A couple of weeks ago, I had a critical witness who would be unavailable to attend a hearing. The Court insisted on a particular date, and the expert had travel plans and non-refundable plane tickets. We decided that we would take his testimony by Skype. Moments after making the decision to Skype the witness, I asked myself “How do you take a witness’s testimony by Skype?” And here is my story. Note, I refer to Skpe throughout this post. But there are other videoconferencing platforms out there.

Your jurisdiction may vary. But Georgia’s provision for taking a witness by Skype is Uniform Superior Court Rule 9.2. 9.2 (A) lists an assortment of situations where video conferencing may be done. The list includes such routine things as applications for search warrants and first appearance hearings. For my situation, there was one matter that applied to me, which was found at (A)(12), “post-sentencing proceedings in criminal cases.” And the catch-all provision applied as well.

For everything else, the place to look in 9.2 (C). There the rule provies:

In any pending matter a witness may testify via video conference. Any party desiring tocall witness by video conference shall file a notice of intention to present testimony by video conference at least (30) days prior to the date scheduled for such testimony. Any other party may file an objection to the testimony of a witness by video conference within ten (10) days of the filing of the notice of intention. In civil matters, the discretion to allow testimony via video conference shall rest with the trial judge. In any criminal matter, a timely objection shall be sustained; however, such objection shall act as a motion for continuance and a waiver of any speedy trial demand.

In a nutshell, if you want to take a witness by Skype, you should seek your opponent’s consent. And if you anticipate a problem, you should file the notice 30 days in advance. Your opponent’s objection (in a criminal case) is deemed a motion to continue. In my case, my opponent consented to take the witness by Skype.

Once you have your opponent’s consent or a court order for skype testimony, there are a few other things to worry about. Take a close look at (E), which sets out the technical mimimums for video conferencing testimony.

  1. All participants must be able to see, hear, and communicate with each other simultaneously;
  2. All participants must be able to see, hear, and otherwise observe any physical evidence or exhibits presented during the proceedings, either by video, facsimile, or other method.
  3. Video quality must be adequate to allow participants to observe each other’s demeanor and nonverbal communiction; and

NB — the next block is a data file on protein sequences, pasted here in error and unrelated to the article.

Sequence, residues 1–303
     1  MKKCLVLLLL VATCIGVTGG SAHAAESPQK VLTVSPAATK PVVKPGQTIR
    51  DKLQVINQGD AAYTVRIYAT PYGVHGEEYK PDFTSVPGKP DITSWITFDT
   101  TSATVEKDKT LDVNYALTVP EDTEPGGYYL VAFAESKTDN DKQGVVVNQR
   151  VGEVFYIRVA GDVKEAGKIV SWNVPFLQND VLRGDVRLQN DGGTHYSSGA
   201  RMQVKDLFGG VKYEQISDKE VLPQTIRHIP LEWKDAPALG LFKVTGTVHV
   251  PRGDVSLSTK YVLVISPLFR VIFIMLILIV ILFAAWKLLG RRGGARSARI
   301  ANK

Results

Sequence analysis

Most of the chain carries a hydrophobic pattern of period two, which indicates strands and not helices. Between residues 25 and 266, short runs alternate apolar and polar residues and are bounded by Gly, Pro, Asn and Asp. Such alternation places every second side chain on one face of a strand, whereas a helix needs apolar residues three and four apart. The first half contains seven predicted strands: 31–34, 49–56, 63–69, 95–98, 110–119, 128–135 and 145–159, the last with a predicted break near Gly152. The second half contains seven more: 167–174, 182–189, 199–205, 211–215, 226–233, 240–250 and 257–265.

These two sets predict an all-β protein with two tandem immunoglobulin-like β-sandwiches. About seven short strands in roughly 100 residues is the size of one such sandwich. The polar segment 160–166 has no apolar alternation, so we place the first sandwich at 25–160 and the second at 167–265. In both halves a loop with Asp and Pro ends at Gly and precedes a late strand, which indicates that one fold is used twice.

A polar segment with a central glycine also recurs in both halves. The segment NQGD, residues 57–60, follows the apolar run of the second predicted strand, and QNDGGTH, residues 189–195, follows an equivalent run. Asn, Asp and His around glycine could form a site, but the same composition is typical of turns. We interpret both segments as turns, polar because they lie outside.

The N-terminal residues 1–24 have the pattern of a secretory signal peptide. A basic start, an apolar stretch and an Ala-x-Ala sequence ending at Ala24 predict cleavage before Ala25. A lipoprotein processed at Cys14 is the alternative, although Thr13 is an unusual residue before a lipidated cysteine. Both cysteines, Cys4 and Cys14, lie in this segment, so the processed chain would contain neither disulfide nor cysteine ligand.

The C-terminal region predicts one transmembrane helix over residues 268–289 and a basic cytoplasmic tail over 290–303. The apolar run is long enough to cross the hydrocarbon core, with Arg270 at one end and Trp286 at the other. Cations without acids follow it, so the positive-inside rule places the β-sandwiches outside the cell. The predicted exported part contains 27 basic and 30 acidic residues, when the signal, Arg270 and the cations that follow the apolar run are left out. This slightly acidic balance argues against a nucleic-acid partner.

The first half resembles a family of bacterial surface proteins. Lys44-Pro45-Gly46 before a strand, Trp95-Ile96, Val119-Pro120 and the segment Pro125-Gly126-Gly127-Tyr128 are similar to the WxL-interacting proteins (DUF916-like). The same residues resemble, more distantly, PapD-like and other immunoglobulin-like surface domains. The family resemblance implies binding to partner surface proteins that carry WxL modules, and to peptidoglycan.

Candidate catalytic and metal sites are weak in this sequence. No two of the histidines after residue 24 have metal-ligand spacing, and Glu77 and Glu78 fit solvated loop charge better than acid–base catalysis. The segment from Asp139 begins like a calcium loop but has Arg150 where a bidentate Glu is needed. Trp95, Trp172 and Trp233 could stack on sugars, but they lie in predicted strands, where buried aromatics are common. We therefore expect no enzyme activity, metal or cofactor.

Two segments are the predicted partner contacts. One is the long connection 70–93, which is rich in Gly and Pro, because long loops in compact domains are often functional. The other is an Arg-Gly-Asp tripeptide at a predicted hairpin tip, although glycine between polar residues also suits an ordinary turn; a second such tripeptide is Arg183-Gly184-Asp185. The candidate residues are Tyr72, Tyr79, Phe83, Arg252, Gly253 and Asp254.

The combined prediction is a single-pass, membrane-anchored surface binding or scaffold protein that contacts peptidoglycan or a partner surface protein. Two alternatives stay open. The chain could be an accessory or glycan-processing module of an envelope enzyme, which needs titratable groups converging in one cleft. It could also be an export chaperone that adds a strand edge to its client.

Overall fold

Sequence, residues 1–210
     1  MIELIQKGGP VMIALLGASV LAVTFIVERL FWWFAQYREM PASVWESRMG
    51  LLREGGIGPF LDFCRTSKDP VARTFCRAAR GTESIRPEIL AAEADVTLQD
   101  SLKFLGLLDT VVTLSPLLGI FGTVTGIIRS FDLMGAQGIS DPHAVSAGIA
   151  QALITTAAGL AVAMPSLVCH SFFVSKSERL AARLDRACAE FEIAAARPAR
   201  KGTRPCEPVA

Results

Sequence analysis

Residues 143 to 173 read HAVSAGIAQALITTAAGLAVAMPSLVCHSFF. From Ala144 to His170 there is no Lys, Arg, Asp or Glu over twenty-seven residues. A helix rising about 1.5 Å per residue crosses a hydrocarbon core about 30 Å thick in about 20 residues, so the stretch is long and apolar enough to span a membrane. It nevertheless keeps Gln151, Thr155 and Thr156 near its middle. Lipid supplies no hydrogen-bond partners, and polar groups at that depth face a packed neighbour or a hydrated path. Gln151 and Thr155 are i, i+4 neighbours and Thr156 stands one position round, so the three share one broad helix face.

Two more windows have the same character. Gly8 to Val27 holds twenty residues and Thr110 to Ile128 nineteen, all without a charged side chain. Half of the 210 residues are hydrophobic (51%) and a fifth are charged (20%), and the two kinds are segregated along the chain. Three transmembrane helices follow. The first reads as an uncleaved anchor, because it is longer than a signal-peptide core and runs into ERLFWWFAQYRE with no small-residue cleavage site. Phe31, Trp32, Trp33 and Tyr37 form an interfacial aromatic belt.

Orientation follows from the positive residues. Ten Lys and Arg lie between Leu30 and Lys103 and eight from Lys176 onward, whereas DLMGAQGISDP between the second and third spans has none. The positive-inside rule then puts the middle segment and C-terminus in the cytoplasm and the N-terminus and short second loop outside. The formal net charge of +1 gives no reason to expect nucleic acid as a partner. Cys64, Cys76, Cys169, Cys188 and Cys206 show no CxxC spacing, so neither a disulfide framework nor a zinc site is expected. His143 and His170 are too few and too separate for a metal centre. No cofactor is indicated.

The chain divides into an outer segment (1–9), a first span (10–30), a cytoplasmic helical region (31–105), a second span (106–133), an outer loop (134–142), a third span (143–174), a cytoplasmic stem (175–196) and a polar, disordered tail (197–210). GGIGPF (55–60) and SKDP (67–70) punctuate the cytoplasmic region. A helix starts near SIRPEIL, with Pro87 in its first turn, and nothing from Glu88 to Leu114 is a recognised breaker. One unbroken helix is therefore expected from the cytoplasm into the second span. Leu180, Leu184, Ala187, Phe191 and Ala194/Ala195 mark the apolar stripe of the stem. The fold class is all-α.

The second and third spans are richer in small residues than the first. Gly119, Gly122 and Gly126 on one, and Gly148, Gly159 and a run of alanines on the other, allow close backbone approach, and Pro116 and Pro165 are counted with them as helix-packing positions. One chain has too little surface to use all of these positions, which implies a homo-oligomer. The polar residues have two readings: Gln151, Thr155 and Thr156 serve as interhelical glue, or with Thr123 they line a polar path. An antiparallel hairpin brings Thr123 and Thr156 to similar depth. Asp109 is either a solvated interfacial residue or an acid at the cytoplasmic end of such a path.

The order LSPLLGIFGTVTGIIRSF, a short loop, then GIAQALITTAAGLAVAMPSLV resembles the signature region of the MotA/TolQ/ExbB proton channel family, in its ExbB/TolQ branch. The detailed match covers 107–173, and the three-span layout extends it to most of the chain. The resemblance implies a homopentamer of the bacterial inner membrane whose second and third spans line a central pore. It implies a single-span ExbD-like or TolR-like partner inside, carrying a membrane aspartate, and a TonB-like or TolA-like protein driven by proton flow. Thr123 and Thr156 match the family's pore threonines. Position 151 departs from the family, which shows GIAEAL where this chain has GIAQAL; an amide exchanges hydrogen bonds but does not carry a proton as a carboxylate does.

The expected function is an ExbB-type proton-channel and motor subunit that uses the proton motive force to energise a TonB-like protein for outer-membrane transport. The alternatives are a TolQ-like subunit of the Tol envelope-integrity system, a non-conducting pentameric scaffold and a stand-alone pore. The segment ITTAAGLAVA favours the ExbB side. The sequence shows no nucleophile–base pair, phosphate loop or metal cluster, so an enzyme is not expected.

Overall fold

4. The location from which the trial judge is presiding shall be accessible to the public to the same extent as such proceeding would if not conducted by video conference. The court shall accommodate any request by interested party two observe entire proceedings.

In other words, when the witness appears on screen, there should be no difference between that experience and what it would be for the witness to be present in court. And, as techy as I consider myself to be, I am paranoid about technological fails in the courtroom. So, here is what I did.

Two weeks before my court date, I took my laptop and iPad to the courthouse (in a very rural area in Georgia). I used the empty courtroom to call my witness by Skype using the courtroom WiFi and my cellular connection as a backup. Everything worked. I check to see if the court had a video monitor. And the Court did. When I tested out the video, I noticed that I needed an hdmi adapter for my iPad and laptop. So I put those on my shopping list. I ran at test on Fast to make sure that I had a sufficient connection. It turns out that my cellular connection would be faster than the court’s WiFi.

In the intervening weeks, I made sure that the witness had a copy of every potential exhibit that might come up. The only glitch was that the witness was not at his office. I asked him to test out his Skype in the location he would be.

On the morning of court, I arrived early to do a final check. I made sure the court reporter could hear everything well. I noticed that there was a little lag, so I made sure the witness spoke slowly.

The judge had some questions during the testimony. And he was not close enough to the mic for the witness to pick up his voice. But this problem was largely solved by my repeating the questions. So, the next time I do a Skype witness, I will make sure that the computer can pick up the judge from across the room. This can either be solved by the location of the set up or perhaps an external microphone.